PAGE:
Will the real Voddie Baucham please stand up?
Eventually Jasmine Baucham got married and reflected on her involvement with the Return of the Daughters documentary as well as her first book. Despite the language of power her father used throughout the documentary, Jasmine writes, “No, there will not be a dramatic, tell-all essay released about my abusive past, because it doesn’t exist. But also, no, I am not and never was part of some sacred stay-at-home cult.”
She went on to write that she is “really embarrassed” by how the documentary was used to bring “shame and insecurity in so many lives, including my own.”
She explains: “My dad is not an abusive, overbearing ogre who dictated every decision of my life” and that it was actually her dad who “forced me to get my license” and “pushed me to get an online degree.” And now that she’s married, she says, ”I’ve never made decisions for myself.”
Perhaps some of what may be going on here is a lack of awareness on Jasmine’s part for the depths of abuse she suffered under the dominion of her dad and may still be suffering under her husband with her continued lack of an ability to make decisions for herself. If so, hopefully she’ll eventually begin the healing process of discovering and grieving that through therapy.
But one does wonder if there is a difference between the Voddie Baucham we all see on stage boasting of dominion and power and the Voddie Baucham in the home. When the stage lights dim and the living room lamp turns on, could the peddler of power actually be a hardened shell that is trying to protect, not his daughter, but the wounded child within himself?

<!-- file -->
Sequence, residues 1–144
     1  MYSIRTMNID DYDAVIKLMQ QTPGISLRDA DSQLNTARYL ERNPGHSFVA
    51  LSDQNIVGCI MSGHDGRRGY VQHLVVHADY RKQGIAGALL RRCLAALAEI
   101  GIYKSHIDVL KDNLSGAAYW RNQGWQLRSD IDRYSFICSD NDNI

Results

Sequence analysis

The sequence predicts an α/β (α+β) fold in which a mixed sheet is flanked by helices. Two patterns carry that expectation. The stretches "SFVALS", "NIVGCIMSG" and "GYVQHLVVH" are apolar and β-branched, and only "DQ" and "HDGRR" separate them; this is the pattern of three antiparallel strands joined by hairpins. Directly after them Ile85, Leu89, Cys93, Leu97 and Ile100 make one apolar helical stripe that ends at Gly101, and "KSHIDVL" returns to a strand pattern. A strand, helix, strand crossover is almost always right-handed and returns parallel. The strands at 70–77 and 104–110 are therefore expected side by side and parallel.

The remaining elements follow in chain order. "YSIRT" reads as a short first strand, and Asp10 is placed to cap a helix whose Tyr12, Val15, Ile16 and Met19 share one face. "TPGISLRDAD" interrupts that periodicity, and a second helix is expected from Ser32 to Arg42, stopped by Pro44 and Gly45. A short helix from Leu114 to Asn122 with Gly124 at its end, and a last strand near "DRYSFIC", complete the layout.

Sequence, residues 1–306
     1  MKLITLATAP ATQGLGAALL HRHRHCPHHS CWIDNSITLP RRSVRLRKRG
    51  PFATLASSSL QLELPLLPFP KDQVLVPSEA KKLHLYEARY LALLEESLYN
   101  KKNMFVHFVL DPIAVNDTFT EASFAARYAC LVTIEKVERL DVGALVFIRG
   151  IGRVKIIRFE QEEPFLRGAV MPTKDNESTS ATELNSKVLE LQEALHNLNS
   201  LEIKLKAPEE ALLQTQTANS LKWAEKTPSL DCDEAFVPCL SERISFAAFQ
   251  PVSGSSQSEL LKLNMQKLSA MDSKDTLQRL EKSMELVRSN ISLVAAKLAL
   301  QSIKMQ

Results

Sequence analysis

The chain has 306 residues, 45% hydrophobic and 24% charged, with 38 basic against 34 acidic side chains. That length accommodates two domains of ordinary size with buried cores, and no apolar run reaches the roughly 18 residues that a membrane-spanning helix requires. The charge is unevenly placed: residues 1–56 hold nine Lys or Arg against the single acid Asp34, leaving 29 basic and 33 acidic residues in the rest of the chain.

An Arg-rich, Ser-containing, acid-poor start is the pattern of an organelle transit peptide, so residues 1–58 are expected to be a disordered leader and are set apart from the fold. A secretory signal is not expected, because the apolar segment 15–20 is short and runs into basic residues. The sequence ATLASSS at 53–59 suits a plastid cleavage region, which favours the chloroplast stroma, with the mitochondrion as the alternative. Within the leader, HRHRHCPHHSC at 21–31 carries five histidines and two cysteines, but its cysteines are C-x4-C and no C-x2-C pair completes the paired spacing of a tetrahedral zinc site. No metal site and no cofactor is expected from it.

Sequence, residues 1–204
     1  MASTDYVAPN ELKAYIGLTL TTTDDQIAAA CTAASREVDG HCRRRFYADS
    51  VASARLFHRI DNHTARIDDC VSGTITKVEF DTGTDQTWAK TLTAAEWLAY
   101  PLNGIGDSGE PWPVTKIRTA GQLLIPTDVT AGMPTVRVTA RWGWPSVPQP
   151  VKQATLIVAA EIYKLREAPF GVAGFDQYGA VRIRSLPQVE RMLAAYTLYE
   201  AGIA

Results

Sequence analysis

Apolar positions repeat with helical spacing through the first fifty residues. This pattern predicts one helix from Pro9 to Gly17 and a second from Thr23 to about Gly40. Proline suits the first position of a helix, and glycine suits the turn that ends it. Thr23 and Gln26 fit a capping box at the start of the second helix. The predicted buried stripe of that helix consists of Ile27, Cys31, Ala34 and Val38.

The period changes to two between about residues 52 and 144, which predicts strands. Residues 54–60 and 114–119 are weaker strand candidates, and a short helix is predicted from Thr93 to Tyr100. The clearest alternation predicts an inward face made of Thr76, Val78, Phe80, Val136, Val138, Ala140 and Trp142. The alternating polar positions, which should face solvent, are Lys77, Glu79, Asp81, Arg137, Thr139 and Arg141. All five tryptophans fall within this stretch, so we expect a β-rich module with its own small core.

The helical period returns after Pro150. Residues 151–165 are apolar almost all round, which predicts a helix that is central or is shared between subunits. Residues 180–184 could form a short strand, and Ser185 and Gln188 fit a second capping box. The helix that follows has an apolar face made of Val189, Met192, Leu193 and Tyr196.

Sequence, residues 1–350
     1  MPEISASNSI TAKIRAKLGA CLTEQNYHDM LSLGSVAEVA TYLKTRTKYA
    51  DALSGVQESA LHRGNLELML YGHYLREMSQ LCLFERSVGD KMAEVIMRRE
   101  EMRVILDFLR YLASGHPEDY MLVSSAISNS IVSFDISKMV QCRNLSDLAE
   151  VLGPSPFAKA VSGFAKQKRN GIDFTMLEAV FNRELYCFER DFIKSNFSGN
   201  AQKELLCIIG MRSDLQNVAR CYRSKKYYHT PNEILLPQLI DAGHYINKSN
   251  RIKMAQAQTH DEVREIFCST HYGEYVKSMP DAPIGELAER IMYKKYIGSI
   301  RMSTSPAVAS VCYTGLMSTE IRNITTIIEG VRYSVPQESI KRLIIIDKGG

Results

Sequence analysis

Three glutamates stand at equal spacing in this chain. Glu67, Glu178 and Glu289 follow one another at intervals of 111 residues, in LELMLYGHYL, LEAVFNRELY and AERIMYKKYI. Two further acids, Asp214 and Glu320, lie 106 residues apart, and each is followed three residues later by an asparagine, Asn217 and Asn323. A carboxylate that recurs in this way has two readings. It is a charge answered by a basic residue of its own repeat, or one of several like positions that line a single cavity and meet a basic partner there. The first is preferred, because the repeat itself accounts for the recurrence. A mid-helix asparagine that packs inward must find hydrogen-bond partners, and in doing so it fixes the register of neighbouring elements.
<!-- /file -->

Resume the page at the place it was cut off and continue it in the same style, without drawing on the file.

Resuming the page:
What Voddie Baucham really needs
As Baucham’s potential candidacy for the presidency of the SBC takes shape, many will focus on his responses to accusations of plagiarism. Others will focus on his rebranding of slavery as God’s providence to allow him to be “born in the center of the universe, in the greatest nation that has ever existed.”
But as Howard Thurman said in Jesus and the Disinherited about the “tax collector enemy” who betrays his own people: “Jesus demonstrated that the only way to redeem them for the common cause was to penetrate their thick resistance to public opinion and esteem and lay bare the simple heart. This man is not just a tax collector; he is a son of God. Awaken that awareness in him and he will attack his betrayal as only he can — from the inside.”
“Baucham doesn’t need to be nominated for even more power over a denomination that claims to be about family values. He needs to go to therapy.”
Voddie Baucham is indeed a peddler of violent male power. But beneath that thick, hardened shell of male power is a frightened child and someone who has lost touch with the divine feminine within himself. And that’s why he promotes the abuse of children, women and daughters.
Accusations of plagiarism are the least of Baucham’s concerns.
We can expose Voddie Baucham all day long. There is plenty of material here to work with.
But Baucham doesn’t need to be nominated for even more power over a denomination that claims to be about family values. He needs to go to therapy. The work of healing he needs to have in order to attack his betrayal of children, women and daughters is an awakening that he will realize only when he’s ready to attack the shell around his inner child and the divine feminine within himself.
Rick Pidcock is a 2004 graduate of Bob Jones University, with a bachelor of arts degree in Bible. He’s a freelance writer based in South Carolina and a former Clemons Fellow with BNG. He recently completed a master of arts degree in worship from Northern Seminary. He is a stay-at-home father of five children and produces music under the artist name Provoke Wonder. Follow his blog at www.rickpidcock.com